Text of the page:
Many irate Circuit City shoppers discovered the hard way this weekend that going-out-of-business sales don’t always mean bargain-basement prices.
Tensions have been running high at many of the chain’s 567 U.S. stores after the electronics retailer announced Friday that it was ceasing operations and would begin liquidation sales the next day.
The news that all merchandise would be discounted 10% to 30% drew throngs of customers to stores across the nation over the three-day weekend. But many shoppers left angry and empty-handed.
“What happened to 30%? Lies!” shouted customer Gabriel Ifrah, 52, at the Circuit City on La Cienega Boulevard in Los Angeles on Monday, where most items were priced at 10% off.
Another customer, Bob McGinness, 48, said he had come to the store three times since Friday but hadn’t found any good deals.
“I’ve been waiting in line for half an hour each day based on employees’ promises that prices could come down, but they haven’t,” said McGinness, a TV commercial producer from Los Angeles. “It’s very disappointing.”
It is too early to know when prices will fall to jaw-dropping levels at the nation’s second-largest consumer electronics chain. Liquidators said discounts would increase each week as inventory levels shrank and some could reach as much as 90% in the final days.
Closeout sales are commonplace in today’s weak economy, but liquidation pricing and procedures often leave customers feeling frustrated. Several Times readers wrote in e-mails and blog comments that they were being “scammed.”
Some of the confusion stemmed from Circuit City’s abrupt collapse, which left liquidators scrambling to begin sales the next day. The Circuit City closeout is one of the biggest retail liquidations ever to take place in the U.S., experts said, with more than $1 billion worth of inventory to move by the end of March.
Like many large retailers, Circuit City appointed a group of professional liquidators to run its going-out-of-business sales, which includes setting sale prices. The company’s liquidated assets will be used to pay off its creditors.
At Circuit City stores Monday, most big-ticket items were marked down only 10%, including digital cameras, large flat-screen televisions, printers and cordless phones. Less pricey items, such as wiring, video games and video game accessories, were priced at 20% or 30% off.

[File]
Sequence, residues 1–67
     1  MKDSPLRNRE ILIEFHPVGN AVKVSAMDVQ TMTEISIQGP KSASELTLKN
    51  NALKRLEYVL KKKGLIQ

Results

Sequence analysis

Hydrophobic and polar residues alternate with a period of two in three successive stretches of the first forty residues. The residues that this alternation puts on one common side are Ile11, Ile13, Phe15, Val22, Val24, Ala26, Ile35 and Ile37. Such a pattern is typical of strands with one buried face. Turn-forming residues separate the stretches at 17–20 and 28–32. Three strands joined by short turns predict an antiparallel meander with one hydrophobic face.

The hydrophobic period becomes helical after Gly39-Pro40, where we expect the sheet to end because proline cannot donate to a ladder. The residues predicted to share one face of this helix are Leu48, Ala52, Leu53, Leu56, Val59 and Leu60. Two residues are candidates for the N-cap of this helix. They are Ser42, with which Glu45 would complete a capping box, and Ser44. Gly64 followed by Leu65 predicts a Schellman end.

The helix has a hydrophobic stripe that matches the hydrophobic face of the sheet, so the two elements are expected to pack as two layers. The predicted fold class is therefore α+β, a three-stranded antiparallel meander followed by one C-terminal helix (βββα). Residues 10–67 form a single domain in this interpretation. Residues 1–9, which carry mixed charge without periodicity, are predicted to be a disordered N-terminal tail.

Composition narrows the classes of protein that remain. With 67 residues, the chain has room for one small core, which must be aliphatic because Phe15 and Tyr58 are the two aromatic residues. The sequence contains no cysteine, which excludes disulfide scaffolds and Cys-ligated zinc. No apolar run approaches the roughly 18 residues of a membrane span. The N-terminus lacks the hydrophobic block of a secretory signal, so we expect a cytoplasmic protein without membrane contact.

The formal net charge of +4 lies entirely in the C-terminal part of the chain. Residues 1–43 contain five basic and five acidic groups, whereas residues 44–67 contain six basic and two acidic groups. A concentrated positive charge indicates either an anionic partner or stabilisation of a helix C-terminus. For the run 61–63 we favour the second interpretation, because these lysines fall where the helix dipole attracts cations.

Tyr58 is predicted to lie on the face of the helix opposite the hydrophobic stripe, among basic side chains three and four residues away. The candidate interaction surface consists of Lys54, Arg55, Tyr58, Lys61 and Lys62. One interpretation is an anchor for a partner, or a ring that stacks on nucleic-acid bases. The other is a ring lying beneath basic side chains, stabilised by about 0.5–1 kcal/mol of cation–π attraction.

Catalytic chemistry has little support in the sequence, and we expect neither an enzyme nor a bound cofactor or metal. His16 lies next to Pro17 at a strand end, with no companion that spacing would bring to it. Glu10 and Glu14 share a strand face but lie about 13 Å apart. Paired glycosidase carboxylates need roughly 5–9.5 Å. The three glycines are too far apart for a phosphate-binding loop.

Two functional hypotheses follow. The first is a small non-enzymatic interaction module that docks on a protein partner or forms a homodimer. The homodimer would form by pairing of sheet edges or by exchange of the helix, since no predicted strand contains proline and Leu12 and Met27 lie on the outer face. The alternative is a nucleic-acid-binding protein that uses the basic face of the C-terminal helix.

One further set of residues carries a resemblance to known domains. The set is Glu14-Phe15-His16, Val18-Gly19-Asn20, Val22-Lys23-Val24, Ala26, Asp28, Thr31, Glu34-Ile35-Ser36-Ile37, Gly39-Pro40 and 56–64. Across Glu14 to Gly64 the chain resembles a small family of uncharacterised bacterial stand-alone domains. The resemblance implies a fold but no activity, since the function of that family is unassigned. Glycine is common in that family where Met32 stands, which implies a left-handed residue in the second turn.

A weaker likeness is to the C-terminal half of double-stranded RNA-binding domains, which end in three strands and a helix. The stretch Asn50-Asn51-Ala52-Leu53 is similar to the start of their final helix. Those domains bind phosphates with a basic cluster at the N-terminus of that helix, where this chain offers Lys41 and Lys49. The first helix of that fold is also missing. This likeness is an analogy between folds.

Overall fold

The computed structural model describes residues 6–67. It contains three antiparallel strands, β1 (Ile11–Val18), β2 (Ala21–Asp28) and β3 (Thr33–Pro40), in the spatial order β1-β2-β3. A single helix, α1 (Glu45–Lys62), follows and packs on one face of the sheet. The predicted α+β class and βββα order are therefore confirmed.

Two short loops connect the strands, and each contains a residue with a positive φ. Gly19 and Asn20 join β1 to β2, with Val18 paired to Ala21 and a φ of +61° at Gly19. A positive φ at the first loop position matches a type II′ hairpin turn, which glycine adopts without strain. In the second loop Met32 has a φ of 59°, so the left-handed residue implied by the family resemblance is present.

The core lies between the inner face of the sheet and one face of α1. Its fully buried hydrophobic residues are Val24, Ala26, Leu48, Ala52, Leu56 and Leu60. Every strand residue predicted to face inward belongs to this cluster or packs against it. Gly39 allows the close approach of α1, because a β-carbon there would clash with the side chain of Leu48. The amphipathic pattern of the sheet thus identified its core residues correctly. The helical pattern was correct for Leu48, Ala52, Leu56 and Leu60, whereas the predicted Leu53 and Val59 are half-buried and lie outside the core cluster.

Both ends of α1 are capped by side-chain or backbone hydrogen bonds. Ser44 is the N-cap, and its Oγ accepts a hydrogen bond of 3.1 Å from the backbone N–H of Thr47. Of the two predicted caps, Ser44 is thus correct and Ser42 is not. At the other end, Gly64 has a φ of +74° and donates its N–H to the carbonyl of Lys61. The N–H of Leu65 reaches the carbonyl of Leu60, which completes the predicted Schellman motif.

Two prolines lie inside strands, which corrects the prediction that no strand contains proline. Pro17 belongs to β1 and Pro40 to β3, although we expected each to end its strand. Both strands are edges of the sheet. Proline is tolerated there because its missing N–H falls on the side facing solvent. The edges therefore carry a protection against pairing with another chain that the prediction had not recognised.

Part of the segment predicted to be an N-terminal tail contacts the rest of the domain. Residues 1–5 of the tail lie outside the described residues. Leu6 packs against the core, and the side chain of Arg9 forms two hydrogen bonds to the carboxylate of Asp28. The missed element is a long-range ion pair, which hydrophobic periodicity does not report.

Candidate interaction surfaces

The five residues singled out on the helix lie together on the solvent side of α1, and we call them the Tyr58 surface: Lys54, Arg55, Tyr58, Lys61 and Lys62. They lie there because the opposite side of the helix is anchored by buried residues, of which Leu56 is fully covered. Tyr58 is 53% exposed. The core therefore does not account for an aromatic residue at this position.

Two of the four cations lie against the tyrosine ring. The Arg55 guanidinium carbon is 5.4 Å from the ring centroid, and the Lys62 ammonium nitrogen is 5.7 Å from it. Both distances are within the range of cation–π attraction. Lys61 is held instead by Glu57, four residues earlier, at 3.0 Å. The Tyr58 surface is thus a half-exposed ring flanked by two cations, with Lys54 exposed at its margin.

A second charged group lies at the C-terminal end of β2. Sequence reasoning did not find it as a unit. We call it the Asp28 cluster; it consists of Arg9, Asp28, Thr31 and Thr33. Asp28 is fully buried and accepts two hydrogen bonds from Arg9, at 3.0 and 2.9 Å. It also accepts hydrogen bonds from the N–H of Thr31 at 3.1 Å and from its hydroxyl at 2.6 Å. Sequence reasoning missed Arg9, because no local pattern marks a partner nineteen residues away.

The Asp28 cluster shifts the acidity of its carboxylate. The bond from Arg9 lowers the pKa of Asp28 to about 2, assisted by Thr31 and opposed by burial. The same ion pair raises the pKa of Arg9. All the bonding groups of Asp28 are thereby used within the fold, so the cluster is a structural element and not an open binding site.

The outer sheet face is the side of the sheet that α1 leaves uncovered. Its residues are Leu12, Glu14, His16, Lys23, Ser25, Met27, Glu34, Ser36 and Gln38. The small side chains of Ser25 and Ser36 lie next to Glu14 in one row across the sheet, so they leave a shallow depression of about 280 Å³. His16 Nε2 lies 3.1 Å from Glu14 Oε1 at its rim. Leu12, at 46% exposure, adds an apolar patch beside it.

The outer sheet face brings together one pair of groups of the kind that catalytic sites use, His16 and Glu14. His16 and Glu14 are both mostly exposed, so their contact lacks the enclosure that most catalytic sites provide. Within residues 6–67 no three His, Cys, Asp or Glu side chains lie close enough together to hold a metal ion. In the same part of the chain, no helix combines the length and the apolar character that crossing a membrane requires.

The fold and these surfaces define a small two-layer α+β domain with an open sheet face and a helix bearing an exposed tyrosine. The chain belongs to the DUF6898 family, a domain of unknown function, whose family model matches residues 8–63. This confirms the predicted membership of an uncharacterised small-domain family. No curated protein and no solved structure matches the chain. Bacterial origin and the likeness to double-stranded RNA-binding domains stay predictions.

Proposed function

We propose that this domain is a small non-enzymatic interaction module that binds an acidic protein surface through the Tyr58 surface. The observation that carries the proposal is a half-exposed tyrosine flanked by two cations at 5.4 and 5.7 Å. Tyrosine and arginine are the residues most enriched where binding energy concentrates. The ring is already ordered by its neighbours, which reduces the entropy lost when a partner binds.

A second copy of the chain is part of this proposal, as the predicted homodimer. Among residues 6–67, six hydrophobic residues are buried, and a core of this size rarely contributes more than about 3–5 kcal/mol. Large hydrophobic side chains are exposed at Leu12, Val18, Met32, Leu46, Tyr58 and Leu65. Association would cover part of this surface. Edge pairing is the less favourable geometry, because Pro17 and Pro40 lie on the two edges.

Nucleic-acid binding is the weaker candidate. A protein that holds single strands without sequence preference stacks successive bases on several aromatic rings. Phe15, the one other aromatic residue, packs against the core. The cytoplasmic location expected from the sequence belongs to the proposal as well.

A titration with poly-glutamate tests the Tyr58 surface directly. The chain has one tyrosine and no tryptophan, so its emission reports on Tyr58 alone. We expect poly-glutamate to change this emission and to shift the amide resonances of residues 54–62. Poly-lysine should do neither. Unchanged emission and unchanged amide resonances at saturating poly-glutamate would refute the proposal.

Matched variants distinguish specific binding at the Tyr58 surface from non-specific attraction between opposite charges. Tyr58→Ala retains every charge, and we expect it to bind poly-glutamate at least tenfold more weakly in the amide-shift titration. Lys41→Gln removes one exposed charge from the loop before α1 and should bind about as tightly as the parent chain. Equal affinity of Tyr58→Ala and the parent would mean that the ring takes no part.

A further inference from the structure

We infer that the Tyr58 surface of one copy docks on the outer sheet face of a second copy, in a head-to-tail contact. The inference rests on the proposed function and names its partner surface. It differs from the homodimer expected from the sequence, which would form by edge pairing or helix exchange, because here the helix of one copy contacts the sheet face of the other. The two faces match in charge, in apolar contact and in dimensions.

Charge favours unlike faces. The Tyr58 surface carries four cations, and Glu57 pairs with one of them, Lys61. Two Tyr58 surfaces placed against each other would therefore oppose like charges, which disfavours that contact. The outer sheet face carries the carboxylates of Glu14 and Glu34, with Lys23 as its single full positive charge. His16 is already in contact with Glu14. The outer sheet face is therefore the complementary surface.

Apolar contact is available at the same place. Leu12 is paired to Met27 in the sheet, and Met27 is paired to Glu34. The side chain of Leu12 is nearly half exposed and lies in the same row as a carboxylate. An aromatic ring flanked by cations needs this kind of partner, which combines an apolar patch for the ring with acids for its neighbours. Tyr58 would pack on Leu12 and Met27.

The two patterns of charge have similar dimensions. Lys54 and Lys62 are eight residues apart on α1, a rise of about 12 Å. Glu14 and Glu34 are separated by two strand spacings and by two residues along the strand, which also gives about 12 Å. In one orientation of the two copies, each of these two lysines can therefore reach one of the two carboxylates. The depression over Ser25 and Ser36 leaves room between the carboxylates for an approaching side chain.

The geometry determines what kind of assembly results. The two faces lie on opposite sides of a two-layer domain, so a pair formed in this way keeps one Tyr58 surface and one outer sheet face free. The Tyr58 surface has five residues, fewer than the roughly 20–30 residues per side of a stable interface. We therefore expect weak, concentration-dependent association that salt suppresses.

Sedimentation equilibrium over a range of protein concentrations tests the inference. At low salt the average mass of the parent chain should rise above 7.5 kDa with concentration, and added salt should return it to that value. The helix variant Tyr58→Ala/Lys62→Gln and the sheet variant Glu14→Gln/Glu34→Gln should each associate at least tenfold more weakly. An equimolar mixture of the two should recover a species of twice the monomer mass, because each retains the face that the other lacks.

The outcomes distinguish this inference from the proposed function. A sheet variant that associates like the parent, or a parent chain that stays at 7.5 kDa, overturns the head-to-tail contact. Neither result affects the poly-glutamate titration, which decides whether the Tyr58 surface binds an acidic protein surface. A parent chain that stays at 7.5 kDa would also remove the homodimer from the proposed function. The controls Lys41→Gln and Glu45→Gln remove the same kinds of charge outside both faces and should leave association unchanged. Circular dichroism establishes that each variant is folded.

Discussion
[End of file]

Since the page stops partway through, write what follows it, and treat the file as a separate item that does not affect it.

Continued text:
“You have to start somewhere, and we have commitments to a lot of people -- banks, creditors -- who are expecting a certain amount of return, so it’s not like we can go out there and go to the deepest discounts right off the bat,” said Billy Nichols, senior vice president and director of merchandising at Great American Group, one of four liquidators involved in Circuit City’s closeout. “This is a big financial risk for a lot of companies. We have to be economical on our discounts.”
Shoppers said they worried that the liquidation companies were offering markdowns from prices that were higher than what Circuit City had been charging. But liquidators insisted that prices were not being inflated.
“We are absolutely not raising the price that Circuit City has in the system,” said Dan Kane, a principal at Tiger Capital Group, another Circuit City liquidator. “It’s not possible. The Circuit City everyday low price is what we’re offering our discounts off of.”
Nonetheless, retail experts said customers should be savvy when shopping at going-out-of-business sales. A chain’s usual policies often don’t apply once a company collapses because liquidation companies have the authority to implement their own rules.
At Circuit City, for instance, all sales are final during the liquidation process, meaning returns and exchanges are not allowed. The chain is no longer honoring its usual price-matching policy or offering home theater installation services.
Although liquidators said prices would become lower in the coming weeks, some customers said they might not be back.
“I was looking for a printer, but 10% off -- I can do better online,” said Alan Silverman, 61, at the L.A. Circuit City store. “It’s not like I expect them to give it away, but I would expect to see more attractive prices that are competitive.”
Jim Schaye, chief executive of Hudson Capital Partners, another Circuit City liquidator, said although “10% may not sound like a lot,” it was still better than the prices found at many of the chain’s rivals.
“Customers who say 10% isn’t enough for me, they’re free to walk out and come back when the discounts are greater,” he said. “If they’re lucky, the merchandise will still be there.”